And that’s just for personal taxes. Corporations hire teams of lawyers in order to be in compliance with tax laws, and those lawyers don’t come cheap. You pay for their expensive suits every time you purchase a product or service from that company. You also pay for the corporation’s lobbyists, who wine and dine politicians in exchange for favorable legislation.
Oh, and if you make a mistake on your taxes, you could go to jail. Guess who pays for the police, courts, etc. You do.
In 2017, in addition to the $2.74 trillion paid in payroll taxes and individual income taxes, Americans paid another $409 billion in tax compliance alone, with $11.6 billion of that just to run the IRS. Now, how much of your $1000 in taxes do you think is actually going to the people you want to help?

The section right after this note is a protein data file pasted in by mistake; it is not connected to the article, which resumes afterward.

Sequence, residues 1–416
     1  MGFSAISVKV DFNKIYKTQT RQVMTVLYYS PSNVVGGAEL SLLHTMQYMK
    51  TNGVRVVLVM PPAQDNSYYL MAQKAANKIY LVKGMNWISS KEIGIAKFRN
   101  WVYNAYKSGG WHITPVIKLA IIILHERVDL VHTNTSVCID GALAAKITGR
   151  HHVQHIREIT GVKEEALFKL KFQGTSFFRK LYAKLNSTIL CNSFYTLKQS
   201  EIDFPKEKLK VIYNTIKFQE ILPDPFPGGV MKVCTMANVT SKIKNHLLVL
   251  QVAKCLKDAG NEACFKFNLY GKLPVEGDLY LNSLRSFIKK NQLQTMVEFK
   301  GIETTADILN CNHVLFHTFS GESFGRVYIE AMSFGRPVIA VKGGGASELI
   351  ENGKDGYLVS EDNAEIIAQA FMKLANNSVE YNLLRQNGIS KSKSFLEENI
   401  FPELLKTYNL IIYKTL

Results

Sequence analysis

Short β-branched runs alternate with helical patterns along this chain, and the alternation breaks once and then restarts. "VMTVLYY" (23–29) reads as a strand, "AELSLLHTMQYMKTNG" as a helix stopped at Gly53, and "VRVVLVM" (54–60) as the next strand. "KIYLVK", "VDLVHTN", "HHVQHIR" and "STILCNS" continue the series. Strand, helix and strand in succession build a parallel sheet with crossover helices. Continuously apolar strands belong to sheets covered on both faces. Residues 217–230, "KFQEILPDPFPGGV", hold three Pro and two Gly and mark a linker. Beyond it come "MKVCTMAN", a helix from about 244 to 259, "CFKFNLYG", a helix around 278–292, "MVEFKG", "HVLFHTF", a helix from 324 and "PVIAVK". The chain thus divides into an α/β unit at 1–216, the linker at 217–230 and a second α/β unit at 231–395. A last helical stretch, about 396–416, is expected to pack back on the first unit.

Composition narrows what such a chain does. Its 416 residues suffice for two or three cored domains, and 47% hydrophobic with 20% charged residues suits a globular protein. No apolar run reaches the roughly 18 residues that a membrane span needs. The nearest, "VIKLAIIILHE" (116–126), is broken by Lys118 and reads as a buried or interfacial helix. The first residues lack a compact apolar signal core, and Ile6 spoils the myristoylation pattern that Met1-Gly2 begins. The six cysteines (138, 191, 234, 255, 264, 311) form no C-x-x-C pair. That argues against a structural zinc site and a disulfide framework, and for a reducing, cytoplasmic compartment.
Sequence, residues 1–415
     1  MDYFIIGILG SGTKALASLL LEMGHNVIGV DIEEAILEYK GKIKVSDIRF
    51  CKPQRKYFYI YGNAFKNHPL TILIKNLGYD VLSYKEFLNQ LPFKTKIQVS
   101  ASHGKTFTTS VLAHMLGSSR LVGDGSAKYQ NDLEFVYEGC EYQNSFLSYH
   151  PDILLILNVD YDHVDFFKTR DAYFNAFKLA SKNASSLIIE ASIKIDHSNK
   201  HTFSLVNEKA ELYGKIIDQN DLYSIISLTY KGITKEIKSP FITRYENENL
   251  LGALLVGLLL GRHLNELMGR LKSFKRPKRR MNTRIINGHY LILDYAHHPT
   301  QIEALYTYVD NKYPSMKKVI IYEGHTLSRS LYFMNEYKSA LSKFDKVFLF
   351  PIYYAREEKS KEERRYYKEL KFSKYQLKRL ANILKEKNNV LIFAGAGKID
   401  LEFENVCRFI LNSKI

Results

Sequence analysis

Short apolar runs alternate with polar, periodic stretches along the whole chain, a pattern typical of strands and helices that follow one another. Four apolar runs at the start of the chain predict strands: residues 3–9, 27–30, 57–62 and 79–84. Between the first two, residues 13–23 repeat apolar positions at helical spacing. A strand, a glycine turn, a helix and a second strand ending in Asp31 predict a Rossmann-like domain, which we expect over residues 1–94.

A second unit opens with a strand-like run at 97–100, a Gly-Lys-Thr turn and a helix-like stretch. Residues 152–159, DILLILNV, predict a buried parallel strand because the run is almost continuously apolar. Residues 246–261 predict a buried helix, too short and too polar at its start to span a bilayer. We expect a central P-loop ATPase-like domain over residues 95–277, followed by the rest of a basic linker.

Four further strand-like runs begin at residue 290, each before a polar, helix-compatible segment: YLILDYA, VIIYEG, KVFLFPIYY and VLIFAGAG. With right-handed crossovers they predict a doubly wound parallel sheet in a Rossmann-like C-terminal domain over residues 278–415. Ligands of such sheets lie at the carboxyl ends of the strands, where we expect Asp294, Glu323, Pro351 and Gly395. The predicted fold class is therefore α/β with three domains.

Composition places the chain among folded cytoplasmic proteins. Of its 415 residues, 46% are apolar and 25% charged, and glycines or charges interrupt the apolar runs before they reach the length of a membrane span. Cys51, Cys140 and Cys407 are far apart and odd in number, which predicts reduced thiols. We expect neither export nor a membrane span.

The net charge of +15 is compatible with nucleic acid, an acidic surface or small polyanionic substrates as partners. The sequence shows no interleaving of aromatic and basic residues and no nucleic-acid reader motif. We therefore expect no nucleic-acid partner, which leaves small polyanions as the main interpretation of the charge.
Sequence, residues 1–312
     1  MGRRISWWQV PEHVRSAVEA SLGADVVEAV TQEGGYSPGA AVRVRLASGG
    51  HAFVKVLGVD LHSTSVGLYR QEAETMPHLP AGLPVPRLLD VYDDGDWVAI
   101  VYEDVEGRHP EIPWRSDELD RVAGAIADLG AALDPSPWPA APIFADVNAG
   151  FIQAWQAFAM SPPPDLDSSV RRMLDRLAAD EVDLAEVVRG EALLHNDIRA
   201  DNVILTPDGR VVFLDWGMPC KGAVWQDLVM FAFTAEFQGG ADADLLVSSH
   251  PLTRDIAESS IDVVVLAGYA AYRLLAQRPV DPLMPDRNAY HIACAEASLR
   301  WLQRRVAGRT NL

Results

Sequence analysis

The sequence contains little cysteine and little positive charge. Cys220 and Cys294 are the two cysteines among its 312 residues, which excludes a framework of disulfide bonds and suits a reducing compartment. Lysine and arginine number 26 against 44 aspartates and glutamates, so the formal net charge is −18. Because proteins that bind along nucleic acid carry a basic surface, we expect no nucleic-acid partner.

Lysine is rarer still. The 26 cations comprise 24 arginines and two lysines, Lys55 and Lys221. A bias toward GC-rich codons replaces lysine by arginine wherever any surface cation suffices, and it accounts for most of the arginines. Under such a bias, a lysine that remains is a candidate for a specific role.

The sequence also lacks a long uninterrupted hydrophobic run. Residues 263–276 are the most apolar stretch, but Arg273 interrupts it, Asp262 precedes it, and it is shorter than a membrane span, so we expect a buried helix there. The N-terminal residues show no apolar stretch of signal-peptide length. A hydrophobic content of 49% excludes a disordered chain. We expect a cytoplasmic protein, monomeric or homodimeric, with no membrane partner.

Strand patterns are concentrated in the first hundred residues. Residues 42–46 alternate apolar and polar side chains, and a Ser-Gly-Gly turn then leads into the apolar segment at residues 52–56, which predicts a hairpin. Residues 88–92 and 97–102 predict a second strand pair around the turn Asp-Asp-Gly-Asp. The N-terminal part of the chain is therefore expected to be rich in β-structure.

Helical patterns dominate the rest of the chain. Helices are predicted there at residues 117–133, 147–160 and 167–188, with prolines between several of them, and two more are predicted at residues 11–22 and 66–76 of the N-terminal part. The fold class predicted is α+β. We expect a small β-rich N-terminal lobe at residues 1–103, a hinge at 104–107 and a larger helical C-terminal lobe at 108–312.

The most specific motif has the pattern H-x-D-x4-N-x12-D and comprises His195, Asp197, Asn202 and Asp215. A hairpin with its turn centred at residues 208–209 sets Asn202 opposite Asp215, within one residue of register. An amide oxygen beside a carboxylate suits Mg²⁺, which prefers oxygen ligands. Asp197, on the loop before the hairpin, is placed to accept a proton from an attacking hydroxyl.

You might argue that the incredible waste of government is justified because of its reach, but that argument implies there are no other viable options, and that is simply not true. Hundreds if not thousands of private charities operate nationwide and beyond. You can go to the websites of charity watchdogs such as Charity Navigator, Charity Watch, or BBB Wise Giving Allianceto see how each charity stacks up in terms of effectiveness, financial strength, accountability and transparency, including executive salaries. If climate change gets you hot under the collar, check out the Environmental and Energy Study Institute. Or fight racial and economic disparities in the legal system with the Equal Justice Initiative. These groups and many others will do a lot more with your donations than the government does with your taxes.